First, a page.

Friday, November 13, 2009

Randi Chervitz

I met Randi Chervitz a couple years ago and have been admiring her pieces ever since. While walking down the isle at a show this summer in NYC she ran up to me and said, "You inspired me to start a blog and I love it!"

In August I spoke several times at the Buyers Market of American Craft at the Convention Center in Philadelphia, about blogging. Randi was in the audience.

Randi has been making jewelry since 1987.

She began exploring forms in metal at Parsons School of Design, New York City, as part of her studies there. From Parsons, Chervitz transferred to Southern Illinois University at Carbondale, the "Harvard" of metalsmithing, to study with internationally-known jeweler, Richard Mawdsley.

Since graduating in 1991 with a Cum Laude double major in Metal and Fiber, Chervitz has been hard at work keeping her artwork at the center of her life. In 1991, she began selling her work, jewelry pieces that explore fiber techniques in metal. Her influences include couture fashion, its history, expressiveness, and relationship to everyday life. Also important are the transformation of the role of women in the past fifty years, and the emergence of the self as one grows through life.

While building a following on the retail art fair circuit, Chervitz continued her personal and professional development by working in leadership roles in national and local retail stores. These experiences taught her to respect the consumer, as well as created an understanding of how high-end, one-of-a-kind objects influence the mass market.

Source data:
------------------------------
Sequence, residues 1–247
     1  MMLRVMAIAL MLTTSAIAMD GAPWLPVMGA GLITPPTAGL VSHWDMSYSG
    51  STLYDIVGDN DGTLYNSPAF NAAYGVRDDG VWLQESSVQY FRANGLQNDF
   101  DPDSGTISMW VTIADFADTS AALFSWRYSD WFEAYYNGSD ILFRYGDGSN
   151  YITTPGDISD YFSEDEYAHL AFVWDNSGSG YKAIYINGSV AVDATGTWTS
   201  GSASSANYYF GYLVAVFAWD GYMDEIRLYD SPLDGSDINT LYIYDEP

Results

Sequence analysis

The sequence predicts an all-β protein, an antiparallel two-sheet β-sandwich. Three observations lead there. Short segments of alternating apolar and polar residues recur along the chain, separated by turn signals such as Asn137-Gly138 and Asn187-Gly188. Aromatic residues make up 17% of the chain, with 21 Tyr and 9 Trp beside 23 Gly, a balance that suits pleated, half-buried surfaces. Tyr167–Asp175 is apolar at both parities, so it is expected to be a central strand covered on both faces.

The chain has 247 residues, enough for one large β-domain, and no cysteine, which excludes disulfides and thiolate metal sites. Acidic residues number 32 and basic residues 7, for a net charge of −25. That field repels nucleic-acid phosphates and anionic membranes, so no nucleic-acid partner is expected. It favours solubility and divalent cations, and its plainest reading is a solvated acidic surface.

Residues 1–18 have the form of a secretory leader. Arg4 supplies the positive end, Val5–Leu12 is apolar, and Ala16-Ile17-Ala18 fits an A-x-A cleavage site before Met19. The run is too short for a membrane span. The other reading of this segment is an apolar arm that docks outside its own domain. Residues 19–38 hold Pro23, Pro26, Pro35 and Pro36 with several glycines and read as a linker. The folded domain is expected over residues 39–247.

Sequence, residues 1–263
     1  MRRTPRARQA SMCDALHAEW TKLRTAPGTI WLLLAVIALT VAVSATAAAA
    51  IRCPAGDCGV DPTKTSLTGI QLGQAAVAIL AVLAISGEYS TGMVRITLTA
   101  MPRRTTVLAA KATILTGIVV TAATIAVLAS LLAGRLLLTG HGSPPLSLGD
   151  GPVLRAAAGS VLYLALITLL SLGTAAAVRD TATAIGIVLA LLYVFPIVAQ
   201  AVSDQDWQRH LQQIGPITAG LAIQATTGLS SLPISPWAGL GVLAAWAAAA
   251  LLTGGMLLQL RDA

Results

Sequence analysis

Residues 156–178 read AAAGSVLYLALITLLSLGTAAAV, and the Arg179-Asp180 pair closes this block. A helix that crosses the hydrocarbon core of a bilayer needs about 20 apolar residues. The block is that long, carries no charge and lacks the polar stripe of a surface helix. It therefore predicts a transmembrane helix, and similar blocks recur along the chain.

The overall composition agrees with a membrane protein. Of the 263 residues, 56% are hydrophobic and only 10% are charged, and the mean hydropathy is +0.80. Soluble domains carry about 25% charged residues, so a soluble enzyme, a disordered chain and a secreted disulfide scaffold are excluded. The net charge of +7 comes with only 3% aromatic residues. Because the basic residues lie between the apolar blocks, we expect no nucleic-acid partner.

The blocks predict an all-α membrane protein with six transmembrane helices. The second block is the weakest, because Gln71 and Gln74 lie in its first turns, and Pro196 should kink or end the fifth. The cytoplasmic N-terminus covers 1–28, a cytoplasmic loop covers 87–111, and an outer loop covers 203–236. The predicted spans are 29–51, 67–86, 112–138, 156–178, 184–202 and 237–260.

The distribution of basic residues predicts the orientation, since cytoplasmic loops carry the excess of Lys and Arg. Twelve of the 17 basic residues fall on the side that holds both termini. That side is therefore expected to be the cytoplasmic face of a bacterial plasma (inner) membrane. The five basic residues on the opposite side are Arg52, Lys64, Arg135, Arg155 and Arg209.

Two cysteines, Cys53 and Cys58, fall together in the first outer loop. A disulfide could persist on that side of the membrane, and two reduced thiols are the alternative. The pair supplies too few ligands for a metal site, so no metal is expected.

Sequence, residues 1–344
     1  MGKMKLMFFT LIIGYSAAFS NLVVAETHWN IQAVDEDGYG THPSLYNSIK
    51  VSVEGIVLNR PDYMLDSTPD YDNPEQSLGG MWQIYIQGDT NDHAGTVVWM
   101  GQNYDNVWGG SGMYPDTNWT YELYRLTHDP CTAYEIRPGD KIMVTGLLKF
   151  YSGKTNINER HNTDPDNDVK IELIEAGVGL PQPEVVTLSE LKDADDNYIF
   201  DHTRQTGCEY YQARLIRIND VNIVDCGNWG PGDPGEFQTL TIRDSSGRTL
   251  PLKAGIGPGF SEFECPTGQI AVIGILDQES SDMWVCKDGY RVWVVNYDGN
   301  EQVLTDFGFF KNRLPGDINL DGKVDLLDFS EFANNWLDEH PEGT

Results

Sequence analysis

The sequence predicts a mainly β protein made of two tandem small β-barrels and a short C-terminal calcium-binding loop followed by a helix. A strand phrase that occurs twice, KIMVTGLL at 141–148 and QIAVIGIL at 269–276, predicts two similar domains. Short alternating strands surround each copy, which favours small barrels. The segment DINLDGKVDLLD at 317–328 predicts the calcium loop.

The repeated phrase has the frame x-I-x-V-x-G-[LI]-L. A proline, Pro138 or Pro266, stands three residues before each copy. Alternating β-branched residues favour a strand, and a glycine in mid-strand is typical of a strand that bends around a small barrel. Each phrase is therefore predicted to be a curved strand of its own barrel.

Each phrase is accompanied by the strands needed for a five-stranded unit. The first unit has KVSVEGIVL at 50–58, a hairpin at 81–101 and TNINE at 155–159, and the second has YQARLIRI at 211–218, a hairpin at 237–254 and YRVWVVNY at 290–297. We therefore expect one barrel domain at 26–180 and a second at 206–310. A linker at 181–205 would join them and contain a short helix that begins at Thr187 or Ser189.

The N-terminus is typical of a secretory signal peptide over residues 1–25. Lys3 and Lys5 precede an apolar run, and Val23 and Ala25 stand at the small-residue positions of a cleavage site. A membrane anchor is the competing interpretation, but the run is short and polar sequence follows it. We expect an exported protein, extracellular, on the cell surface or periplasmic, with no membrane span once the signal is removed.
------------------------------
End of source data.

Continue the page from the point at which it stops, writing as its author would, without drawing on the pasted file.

Developing this knowledge has given her a unique perspective and understanding of how various market segments influence each other, and the impact that can have on artists choosing to make their livings through their art.

Chervitz feels privileged to make her own living through her art-making, and is constantly exploring new ways to create texture through metal. Her crocheted surfaces are her trademark, and hammered and soldered linear techniques reveal new directions.

"I first picked up my grandmother's crochet hook while taking a metal-smithing class in college. She taught me to knit when I was a child, and I always had good feelings about the individual stitches that make up a larger whole. Crocheting silver to make wearable objects quickly became my signature. From that exploration, I have continued on to add hammered metal, and a soldered, linear technique to my repertoire, as I continue to explore how assembling lines creates something significant."

I've shown a few of her pieces here, stop in to see more or you can shop online by clicking here!

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